Is there evidence of its effectiveness?
Richard Davidson, one of the top researchers in the field of contemplative neuroplasticity, led a series of studies that examined the “attention regulation” of contemplative practices. He concluded that focused attention is a trainable skill. Sara Lazar and her colleagues corroborated these findings with a similar study that used Magnetic Resonance Imaging (MRI) to observe the effects of contemplation on the brain. Their findings suggest that the right anterior insula, the area of the brain that regulates attention and visceral awareness, is thicker in meditators than non-meditators. Other studies associate a regular meditation practice with altered electroencephalogram patterns, which suggest long-term changes in brain activity.
Are there any side effects or risks?
Are there any controversies?
How can it be learned?
For Westerners seeking to learn more about the Quran and the Sufi perspective, it is helpful to seek a teacher for guidance. There are also many excellent books by Sufi masters that can help you to deepen an existing meditation practice.
Are there any charges for learning?
How is this meditation practiced?
There are dozens of different Sufi orders and almost as many meditation techniques. As mentioned, common forms of fikr include reflecting on verses of the Quran, contemplating a personal vice and corresponding virtue, and visualizing colors to bring the mind back to the task of zikr. Hazrat Inayat Khan, founder of The Sufi Order in the West and teacher of Universal Sufism, taught a form of fikr that focuses on the breath. He compares the breath to a swing, which has a constant motion and constant rhythm. By bringing attention to the breath, the thought that we are holding can circulate fully through the body, propelled by life force itself.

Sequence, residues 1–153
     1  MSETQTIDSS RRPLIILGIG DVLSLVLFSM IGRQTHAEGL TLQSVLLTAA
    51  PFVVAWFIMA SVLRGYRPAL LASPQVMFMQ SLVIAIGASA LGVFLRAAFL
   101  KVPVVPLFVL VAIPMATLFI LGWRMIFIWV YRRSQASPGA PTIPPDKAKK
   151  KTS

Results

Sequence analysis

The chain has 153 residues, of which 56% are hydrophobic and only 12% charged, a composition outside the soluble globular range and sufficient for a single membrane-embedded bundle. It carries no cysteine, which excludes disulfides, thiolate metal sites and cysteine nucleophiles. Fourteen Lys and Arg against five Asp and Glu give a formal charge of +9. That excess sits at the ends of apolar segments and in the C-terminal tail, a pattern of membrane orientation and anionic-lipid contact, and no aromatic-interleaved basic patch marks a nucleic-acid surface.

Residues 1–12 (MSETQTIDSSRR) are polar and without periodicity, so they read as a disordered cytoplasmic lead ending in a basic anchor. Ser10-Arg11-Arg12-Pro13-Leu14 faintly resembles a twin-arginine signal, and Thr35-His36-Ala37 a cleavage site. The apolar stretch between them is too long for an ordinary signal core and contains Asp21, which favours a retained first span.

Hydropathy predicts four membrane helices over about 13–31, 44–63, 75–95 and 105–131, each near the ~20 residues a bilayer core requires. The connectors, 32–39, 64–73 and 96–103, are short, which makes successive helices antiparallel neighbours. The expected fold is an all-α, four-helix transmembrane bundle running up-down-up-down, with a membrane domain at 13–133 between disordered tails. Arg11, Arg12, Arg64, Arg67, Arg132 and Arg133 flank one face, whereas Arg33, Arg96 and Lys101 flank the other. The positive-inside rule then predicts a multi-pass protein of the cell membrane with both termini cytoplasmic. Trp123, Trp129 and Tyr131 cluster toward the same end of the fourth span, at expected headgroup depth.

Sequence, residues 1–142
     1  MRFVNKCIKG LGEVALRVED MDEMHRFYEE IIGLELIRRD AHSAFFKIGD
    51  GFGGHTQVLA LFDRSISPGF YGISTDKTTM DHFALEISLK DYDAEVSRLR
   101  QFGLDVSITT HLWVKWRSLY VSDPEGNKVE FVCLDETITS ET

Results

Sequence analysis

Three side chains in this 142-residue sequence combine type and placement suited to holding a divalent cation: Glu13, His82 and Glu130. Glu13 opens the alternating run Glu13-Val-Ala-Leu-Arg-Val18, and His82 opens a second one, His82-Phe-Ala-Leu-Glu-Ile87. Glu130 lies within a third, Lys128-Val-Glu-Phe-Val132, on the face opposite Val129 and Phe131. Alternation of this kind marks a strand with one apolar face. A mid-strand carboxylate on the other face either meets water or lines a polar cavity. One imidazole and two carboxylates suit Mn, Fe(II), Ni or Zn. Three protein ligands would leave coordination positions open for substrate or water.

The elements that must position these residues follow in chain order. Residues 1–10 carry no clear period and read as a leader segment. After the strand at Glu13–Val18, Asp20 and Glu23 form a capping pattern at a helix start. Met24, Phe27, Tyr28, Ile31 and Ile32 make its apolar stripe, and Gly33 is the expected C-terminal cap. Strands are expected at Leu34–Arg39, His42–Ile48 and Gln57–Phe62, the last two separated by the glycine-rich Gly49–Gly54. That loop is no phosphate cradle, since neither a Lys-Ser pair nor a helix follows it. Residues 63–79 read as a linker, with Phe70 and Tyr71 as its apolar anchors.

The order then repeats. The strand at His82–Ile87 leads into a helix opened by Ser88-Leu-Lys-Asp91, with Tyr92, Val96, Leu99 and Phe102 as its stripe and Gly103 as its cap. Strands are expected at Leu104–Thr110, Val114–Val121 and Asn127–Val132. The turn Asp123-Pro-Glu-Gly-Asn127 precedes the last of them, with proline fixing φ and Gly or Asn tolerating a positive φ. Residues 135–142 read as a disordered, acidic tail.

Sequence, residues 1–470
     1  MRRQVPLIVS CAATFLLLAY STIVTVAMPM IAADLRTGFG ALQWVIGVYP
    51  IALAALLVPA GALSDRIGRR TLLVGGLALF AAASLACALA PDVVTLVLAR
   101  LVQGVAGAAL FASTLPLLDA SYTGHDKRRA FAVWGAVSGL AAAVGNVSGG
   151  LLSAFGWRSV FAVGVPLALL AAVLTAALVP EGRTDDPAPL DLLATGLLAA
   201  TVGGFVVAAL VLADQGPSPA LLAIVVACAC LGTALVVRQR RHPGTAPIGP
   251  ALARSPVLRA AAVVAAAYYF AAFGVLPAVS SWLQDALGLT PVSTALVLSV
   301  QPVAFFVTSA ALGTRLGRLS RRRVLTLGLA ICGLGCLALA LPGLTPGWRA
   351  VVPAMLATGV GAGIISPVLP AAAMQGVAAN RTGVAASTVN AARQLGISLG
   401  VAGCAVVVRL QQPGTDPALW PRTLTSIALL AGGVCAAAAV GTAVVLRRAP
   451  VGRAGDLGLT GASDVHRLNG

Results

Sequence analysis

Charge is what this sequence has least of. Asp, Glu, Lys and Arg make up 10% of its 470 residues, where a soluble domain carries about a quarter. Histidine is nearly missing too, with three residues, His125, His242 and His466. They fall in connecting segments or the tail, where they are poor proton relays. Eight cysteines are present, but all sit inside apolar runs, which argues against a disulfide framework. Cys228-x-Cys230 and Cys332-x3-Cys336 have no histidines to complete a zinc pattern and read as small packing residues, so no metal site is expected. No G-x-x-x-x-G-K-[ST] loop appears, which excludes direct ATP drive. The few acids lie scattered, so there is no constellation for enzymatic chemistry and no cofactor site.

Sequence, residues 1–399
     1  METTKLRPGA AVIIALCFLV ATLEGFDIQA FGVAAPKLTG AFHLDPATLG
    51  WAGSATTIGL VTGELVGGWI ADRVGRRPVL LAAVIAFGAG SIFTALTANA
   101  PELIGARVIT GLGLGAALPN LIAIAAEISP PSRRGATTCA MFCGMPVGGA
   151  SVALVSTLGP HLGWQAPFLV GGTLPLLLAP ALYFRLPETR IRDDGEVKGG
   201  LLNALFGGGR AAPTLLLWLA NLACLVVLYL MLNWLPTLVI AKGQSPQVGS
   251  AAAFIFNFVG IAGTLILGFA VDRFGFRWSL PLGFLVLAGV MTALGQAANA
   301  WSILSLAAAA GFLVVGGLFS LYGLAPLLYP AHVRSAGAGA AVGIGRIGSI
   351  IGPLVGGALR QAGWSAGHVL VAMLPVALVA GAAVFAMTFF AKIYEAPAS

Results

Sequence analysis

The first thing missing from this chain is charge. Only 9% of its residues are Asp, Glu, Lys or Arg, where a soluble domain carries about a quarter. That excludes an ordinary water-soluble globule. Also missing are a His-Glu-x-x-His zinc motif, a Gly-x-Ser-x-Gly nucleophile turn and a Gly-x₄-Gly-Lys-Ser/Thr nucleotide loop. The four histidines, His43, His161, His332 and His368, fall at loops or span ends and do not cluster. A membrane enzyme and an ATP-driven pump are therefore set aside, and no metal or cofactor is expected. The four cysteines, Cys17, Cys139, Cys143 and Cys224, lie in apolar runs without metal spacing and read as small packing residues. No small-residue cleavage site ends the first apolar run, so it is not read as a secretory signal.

Before you practice this meditation, rinse your hands, feet, and face with water. Settle your breath and clear any distracting thoughts from your mind. Enter a state of surrender as you align yourself with God. Feel your breath expand in your heart and bring to mind a thought or name of God you want to focus on. Feel the breath carry it to all corners of your body. Our step-by-step guided meditation is available on this page.
Can anyone practice this meditation?
Dr. Stewart Bitkoff, a Sufi author, points out that exploring Sufism doesn’t mean you have to convert to Islam or join a Sufi order. Some modern schools are independent of both Islam and traditional Sufi orders, and offer the core spirituality that Bitkoff says is the birthright of all of humanity. “A form of Sufi learning exists for everyone, because the Teaching is always being updated into a modern form,” he says. “The seeker can learn from the Sufis, even become one, and yet remain independent of these specific religious trappings.”
Who are the well-known practitioners?
The best-known teachers and authors in the field include:

Alireza Nurbakhsh
Llewellyn Vaughan-Lee
Sidi Muhammad Sa'id al-Jamal
Pir Zia Inayat Khan
Is any equipment or material required for practice?
No special material is required beyond what you use for zikr. A copy of the Quran helps deepen the practice if used for contemplation.
Fikr Meditation